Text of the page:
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Title: Catechol-Ligated Transition Metals: A Quantum Chemical Study on a Promising System for Gas Separation

Abstract

We report that metal-organic frameworks (MOFs) have received a great deal of attention for their potential in atmospheric filtering, and recent work has shown that catecholate linkers can bind metals, creating MOFs with monocatecholate metal centers and abundant open coordination sites. In this study, M-catecholate systems (with M = Mg 2+, Sc 2+, Ti 2+, V 2+, Cr 2+, Mn 2+, Fe 2+, Co 2+, Ni 2+, Cu 2+, and Zn 2+) were used as computational models of metalated catecholate linkers in MOFs. Nitric oxide (NO) is a radical molecule that is considered an environmental pollutant and is toxic if inhaled in large quantities. Binding NO is of interest in creating atmospheric filters, both at the industrial and personal scale. The binding energies of NO to the metal-catecholate systems were calculated using density functional theory (DFT) and complete active space self-consistent field (CASSCF) followed by second order perturbation (CASPT2). Selectivity was studied by calculating the binding energies of additional guests (CO, NH 3, H 2O, N 2, and CO 2). The toxic guests have stronger binding than the benign guests for all metals studied, and NO has significantly stronger binding than other guests for most of the metals studied, suggestingmore » that metal-catecholates are worthy of further study for NO filtration. Finally, certain metal-catecholates also showed potential for separation of N 2 and CO 2 via N 2 activation, which could be relevant for carbon capture or ammonia synthesis.« less

Authors:
ORCiD logo [1];  [1];  [1];  [2];  [3]; ORCiD logo [4]; ORCiD logo [1]
  1. Univ. of Minnesota, Minneapolis, MN (United States). Department of Chemistry, Minnesota Supercomputing Institute, and Chemical Theory Center
  2. The Dow Chemical Company, Midland, MI (United States). Core Research and Development
  3. Univ. of Tennessee, Knoxville, TN (United States). Department of Chemistry
  4. Northwestern Univ., Evanston, IL (United States). Department of Chemical & Biological Engineering
Publication Date:
Research Org.:
Univ. of Minnesota, Minneapolis, MN (United States). Nanoporous Materials Genome Center
Sponsoring Org.:
USDOE Office of Science (SC), Basic Energy Sciences (BES) (SC-22). Chemical Sciences, Geosciences & Biosciences Division
Contributing Org.:
Minnesota Supercomputing Institute (MSI) at the University of Minnesota
OSTI Identifier:
1477217
Grant/Contract Number:  
FG02-12ER16362; SC0008688
Resource Type:
Journal Article: Accepted Manuscript
Journal Name:
Journal of Physical Chemistry. C
Additional Journal Information:
Journal Volume: 121; Journal Issue: 19; Journal ID: ISSN 1932-7447
Publisher:
American Chemical Society
Country of Publication:
United States
Language:
English
Subject:
37 INORGANIC, ORGANIC, PHYSICAL, AND ANALYTICAL CHEMISTRY

Citation Formats

Stoneburner, Samuel J., Livermore, Vanessa, McGreal, Meghan E., Yu, Decai, Vogiatzis, Konstantinos D., Snurr, Randall Q., and Gagliardi, Laura. Catechol-Ligated Transition Metals: A Quantum Chemical Study on a Promising System for Gas Separation. United States: N. p., 2017. Web. doi:10.1021/acs.jpcc.7b02685.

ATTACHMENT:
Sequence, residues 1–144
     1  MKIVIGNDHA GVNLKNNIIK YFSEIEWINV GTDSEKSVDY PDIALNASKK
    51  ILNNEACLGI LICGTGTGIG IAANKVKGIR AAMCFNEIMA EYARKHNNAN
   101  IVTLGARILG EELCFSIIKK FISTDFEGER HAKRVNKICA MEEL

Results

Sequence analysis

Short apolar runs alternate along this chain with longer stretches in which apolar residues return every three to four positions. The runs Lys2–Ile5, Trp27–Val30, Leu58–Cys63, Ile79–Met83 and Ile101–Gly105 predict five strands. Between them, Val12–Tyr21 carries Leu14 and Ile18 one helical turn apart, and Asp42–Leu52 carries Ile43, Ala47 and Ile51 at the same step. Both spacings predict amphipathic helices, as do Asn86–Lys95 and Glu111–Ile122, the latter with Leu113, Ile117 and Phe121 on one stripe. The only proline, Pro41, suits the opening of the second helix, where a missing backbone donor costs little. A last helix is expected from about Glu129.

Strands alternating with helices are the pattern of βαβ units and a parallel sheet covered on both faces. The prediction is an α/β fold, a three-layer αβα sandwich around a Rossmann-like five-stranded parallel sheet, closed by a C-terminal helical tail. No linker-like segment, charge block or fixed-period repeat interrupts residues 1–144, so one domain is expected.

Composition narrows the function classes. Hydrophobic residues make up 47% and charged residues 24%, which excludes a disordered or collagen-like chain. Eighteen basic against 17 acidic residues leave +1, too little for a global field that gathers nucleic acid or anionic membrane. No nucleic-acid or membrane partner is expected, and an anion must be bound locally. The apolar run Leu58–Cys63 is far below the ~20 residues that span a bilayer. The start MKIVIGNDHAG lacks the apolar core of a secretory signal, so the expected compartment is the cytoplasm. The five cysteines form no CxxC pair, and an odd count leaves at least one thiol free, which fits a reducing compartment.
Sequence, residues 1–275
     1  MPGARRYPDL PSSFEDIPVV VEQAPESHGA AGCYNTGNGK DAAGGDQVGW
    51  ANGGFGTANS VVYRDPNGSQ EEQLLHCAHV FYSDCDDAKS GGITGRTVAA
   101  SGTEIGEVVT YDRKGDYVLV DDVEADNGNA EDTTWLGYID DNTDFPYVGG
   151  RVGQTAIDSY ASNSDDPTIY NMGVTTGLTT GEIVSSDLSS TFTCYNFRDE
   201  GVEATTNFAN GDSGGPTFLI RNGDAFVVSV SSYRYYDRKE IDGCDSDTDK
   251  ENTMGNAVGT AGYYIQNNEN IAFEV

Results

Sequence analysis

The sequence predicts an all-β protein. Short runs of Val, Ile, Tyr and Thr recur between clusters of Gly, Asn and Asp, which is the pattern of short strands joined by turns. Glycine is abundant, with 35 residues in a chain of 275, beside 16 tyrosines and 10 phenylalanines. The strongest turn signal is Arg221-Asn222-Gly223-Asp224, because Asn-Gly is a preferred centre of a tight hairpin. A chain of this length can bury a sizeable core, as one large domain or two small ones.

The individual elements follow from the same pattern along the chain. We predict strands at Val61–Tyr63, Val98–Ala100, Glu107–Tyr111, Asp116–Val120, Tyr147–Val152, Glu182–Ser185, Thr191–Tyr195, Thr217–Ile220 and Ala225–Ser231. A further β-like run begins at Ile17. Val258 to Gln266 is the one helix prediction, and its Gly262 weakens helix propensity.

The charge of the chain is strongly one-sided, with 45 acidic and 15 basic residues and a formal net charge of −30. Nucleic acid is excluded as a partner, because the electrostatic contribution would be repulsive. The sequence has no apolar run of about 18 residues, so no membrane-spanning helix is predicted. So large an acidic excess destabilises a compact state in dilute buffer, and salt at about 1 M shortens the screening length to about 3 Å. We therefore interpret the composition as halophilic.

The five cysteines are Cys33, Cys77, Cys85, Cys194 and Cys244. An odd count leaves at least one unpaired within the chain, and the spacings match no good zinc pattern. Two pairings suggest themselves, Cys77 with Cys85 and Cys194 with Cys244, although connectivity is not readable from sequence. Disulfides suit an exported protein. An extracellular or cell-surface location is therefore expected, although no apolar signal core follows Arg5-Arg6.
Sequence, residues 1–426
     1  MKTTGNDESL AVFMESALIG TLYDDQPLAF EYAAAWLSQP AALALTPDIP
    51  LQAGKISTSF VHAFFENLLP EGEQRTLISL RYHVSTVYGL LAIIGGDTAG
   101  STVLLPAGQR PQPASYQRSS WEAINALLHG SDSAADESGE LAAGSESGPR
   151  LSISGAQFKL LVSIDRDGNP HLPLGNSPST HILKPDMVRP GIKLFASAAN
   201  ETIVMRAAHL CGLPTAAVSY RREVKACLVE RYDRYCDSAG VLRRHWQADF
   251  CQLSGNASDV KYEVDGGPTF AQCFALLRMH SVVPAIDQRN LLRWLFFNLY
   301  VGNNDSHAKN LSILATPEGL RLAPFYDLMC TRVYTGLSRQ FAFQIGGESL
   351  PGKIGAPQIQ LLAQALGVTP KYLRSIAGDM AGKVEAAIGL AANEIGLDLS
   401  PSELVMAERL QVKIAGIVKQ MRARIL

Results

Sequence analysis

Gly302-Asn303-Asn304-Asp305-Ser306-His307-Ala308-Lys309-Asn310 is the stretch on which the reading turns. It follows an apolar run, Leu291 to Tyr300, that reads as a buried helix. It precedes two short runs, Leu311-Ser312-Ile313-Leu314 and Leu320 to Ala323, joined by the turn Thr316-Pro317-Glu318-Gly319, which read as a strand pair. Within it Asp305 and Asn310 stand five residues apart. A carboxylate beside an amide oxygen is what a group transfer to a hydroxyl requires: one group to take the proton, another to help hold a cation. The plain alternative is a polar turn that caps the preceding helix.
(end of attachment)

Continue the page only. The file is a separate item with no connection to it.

Stoneburner, Samuel J., Livermore, Vanessa, McGreal, Meghan E., Yu, Decai, Vogiatzis, Konstantinos D., Snurr, Randall Q., & Gagliardi, Laura. Catechol-Ligated Transition Metals: A Quantum Chemical Study on a Promising System for Gas Separation. United States. doi:10.1021/acs.jpcc.7b02685.
Stoneburner, Samuel J., Livermore, Vanessa, McGreal, Meghan E., Yu, Decai, Vogiatzis, Konstantinos D., Snurr, Randall Q., and Gagliardi, Laura. Fri . "Catechol-Ligated Transition Metals: A Quantum Chemical Study on a Promising System for Gas Separation". United States. doi:10.1021/acs.jpcc.7b02685. https://www.osti.gov/servlets/purl/1477217.
@article{osti_1477217,
title = {Catechol-Ligated Transition Metals: A Quantum Chemical Study on a Promising System for Gas Separation},
author = {Stoneburner, Samuel J. and Livermore, Vanessa and McGreal, Meghan E. and Yu, Decai and Vogiatzis, Konstantinos D. and Snurr, Randall Q. and Gagliardi, Laura},
abstractNote = {We report that metal-organic frameworks (MOFs) have received a great deal of attention for their potential in atmospheric filtering, and recent work has shown that catecholate linkers can bind metals, creating MOFs with monocatecholate metal centers and abundant open coordination sites. In this study, M-catecholate systems (with M = Mg2+, Sc2+, Ti2+, V2+, Cr2+, Mn2+, Fe2+, Co2+, Ni2+, Cu2+, and Zn2+) were used as computational models of metalated catecholate linkers in MOFs. Nitric oxide (NO) is a radical molecule that is considered an environmental pollutant and is toxic if inhaled in large quantities. Binding NO is of interest in creating atmospheric filters, both at the industrial and personal scale. The binding energies of NO to the metal-catecholate systems were calculated using density functional theory (DFT) and complete active space self-consistent field (CASSCF) followed by second order perturbation (CASPT2). Selectivity was studied by calculating the binding energies of additional guests (CO, NH3, H2O, N2, and CO2). The toxic guests have stronger binding than the benign guests for all metals studied, and NO has significantly stronger binding than other guests for most of the metals studied, suggesting that metal-catecholates are worthy of further study for NO filtration. Finally, certain metal-catecholates also showed potential for separation of N2 and CO2 via N2 activation, which could be relevant for carbon capture or ammonia synthesis.},
doi = {10.1021/acs.jpcc.7b02685},
journal = {Journal of Physical Chemistry. C},
issn = {1932-7447},
number = 19,
volume = 121,
place = {United States},
year = {2017},
month = {4}
}

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